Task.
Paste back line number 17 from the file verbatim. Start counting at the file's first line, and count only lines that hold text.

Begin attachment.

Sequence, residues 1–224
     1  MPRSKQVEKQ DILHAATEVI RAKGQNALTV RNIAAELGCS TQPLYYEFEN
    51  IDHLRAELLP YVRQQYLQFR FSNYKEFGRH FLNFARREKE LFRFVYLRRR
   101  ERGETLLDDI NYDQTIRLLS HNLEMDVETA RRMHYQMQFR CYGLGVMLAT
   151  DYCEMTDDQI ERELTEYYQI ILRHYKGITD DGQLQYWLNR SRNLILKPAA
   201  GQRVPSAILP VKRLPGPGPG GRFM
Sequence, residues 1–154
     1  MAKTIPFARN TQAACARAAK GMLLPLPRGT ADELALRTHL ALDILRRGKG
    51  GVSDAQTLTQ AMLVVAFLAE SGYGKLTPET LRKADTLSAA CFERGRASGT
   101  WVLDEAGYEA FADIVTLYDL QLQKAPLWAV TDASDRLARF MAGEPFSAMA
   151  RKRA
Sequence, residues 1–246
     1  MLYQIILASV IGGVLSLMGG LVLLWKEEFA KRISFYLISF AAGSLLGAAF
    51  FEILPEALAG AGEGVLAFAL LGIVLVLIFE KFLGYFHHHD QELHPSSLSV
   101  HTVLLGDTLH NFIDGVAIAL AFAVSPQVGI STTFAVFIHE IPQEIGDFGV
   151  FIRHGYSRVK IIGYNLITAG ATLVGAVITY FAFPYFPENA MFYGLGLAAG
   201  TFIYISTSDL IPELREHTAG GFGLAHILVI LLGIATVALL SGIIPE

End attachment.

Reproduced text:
   201  TFIYISTSDL IPELREHTAG GFGLAHILVI LLGIATVALL SGIIPE